A pair of transport wheels 322 are mounted, as at pins 324, to the members 232 at respective locations adjacent the rotor housing 230. The wheels 322 are located so as to be at or near a transverse, vertical plane passing through the center of gravity of the snowblower 220. Thus, a person mounting the snowblower to the tractor frame 10 can easily rock the snowblower about the wheels and maneuver it about on the wheels during mounting the snowblower to and disconnecting the snowblower from the tractor frame. Pins 326 are provided for allowing the wheels 322 to be stored out of the way when the snowblower is being operated.
Mounting of the snowblower 220 to the tractor frame 10 is effected in a manner having some similarity to that described above for mounting the tiller to the frame even though the snowblower is mounted so that its working parts are located ahead of the tractor. Specifically, mounting of the snowblower 220 to the tractor frame is accomplished by parking the tractor on a relatively hard, flat surface, grasping the snowblower rotor housing 230 at a forward upper location and maneuvering the snowblower about on its transport wheels 322 so as to place the frame 222 between the tractor wheels 12 with the mounting bracket receptacles 312 engaged with the mounting pins 28 of the tractor frame. The latches 314 are then pivoted to latch the brackets 310 to the pins 28. Next, the suspension rods 318 are coupled to the crank arms 82 and 86 and the counterbalance or lift assist spring 321 is coupled to the crank arm 87. Next the spring 70 is tensioned by operation of the handle 74. The lift handle 44 is then operated to raise the snowblower wheels 322 off the support surface whereupon the wheels may be removed and re-installed on the storage pins 326. The drive belt portion 304 is then engaged with the tractor drive pulley 89 and the belt tension control lever 300 is operated to effect movement of the idler pulley 272 to properly tension the drive belt 246 for operation.
Referring now to FIG. 11, there is shown a non-driven implement in the form of a blade assembly 330 including a frame 334 comprising right and left fore-and-aft extending side members 332 and 336 joined at their rear ends by a cross member 338 and at their forward ends by a blade-mounting structure 340 A blade 342 is provided at its back side with a mounting bracket defined by upper and lower mounting plates 344 and 346 disposed in sandwiching relationship to the frame structure 340 and coupled thereto by an upright pivot pin 348. Blade angle adjustment holes 350 are arranged in the plates 344 and 346 in an arc about the pivot pin 348 and a latch pin 352 is provided for securing the blade 342 in a desired position. Provided for mounting the blade frame 334 to the tractor frame 10 is a pair of mounting brackets 354 respectively fixed to the rear ends of the side members 332 and 336 and including rearwardly opening receptacles 356 adapted for receiving the tractor frame mounting pins 28. A pair of latches 358 is respectively pivotally mounted to the brackets 354 and include receptacles 360 adapted for being selectively engaged with the pins 28 for latching the frame 334 to the tractor frame. Spaced forwardly of the brackets 354 are a pair of suspension or lift rods 362 projecting upwardly through the side members 332 and 334 and having clevises 364 at their upper ends. The clevises 364 are adapted for receiving a pin for securing the rods 362 to the crank arms 82 and 86 of the tractor lift system 30.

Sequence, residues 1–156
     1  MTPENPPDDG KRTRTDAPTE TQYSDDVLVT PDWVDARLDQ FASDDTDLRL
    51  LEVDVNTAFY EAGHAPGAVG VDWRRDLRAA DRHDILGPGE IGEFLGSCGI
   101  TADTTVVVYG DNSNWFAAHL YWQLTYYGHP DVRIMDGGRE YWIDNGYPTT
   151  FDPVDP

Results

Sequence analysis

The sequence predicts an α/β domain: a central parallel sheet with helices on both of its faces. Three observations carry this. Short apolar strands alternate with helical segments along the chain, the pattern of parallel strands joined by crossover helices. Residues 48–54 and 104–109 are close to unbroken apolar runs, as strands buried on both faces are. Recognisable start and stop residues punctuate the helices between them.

Provided for aiding in the mounting of the blade assembly 330 to the tractor frame 10 are a pair of transport wheels 366 mounted to legs 368, depending from the structure 340, by pins 370. The wheels 366 are located so as to be at or near a vertical transverse plane passing through the center of gravity of the blade assembly 330. Thus, the location of the wheels 366 makes it easy for a person to rock the blade assembly 330 about the wheels and maneuver it into position for mounting it to and removing it from the vehicle frame 10. The wheels 366 may be removed and re-installed on a pair of storage pins 372, located above the pins 310, to keep the wheels out of the way when the blade assembly is being operated.
Mounting of the blade assembly 330 to the tractor frame 10 is accomplished by grasping the top edge of the blade 342 and rocking the blade assembly about the wheels 366 and pushing the blade assembly to maneuver the frame 334 between the tractor wheels 12 and to engage the brackets 354 with the tractor frame mounting pins 28. The latches are then pivoted into engagement with the pins 28 so as to lock the rear end of the blade frame 334 in place. The suspension or lift rods 364 are then connected to the tractor lift system 30 by inserting pins through the clevises 364 and crank arms 82 and 86. Next the counterbalance spring 70 is tensioned by turning the crank handle 74. The lift handle 44 is operated to lift the blade assembly about the pins 28. The wheels 366 are now held off the ground and can easily be removed and stored on the pins 372 if desired.
Thus, it will be appreciated that the tiller 90, snowblower 220 and blade assembly 330 all have in common the idea of providing transport wheels on an implement frame in a location close enough to the center of gravity of the implement that the implement, when detached from the tractor frame, may be easily rocked for complete support by and maneuvered upon the transport wheels for facilitating the connection of the implement frame to the tractor frame.
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|USRE44771||Apr 10, 2006||Feb 25, 2014||Deere & Company||Rear-mounted implement mounting system|
|WO2003101811A1 *||Jun 3, 2003||Dec 11, 2003||Bergstroem Nicklas||Cross-country vehicle|
|U.S. Classification||172/273, 37/244, 56/15.6, 37/231, 280/496, 37/271, 172/817, 56/DIG.22, 172/810|
|International Classification||E02F3/76, B60D1/01, A01B59/042|
|Cooperative Classification||Y10S56/22, A01B59/042|
|Jul 23, 1987||AS||Assignment|
Owner name: DEERE & COMPANY, MOLINE, ILLINOIS, A CORP. OF DE.
Free format text: ASSIGNMENT OF ASSIGNORS INTEREST.;ASSIGNORS:SCHMID, STEVEN L.;HINING, LARRY D.;O TOOLE, FRANK K.;REEL/FRAME:004752/0564
Effective date: 19870722
|Sep 30, 1992||FPAY||Fee payment|
Year of fee payment: 4
|Nov 3, 1992||REMI||Maintenance fee reminder mailed|
|Sep 30, 1996||FPAY||Fee payment|
Year of fee payment: 8
|Sep 11, 2000||FPAY||Fee payment|
Year of fee payment: 12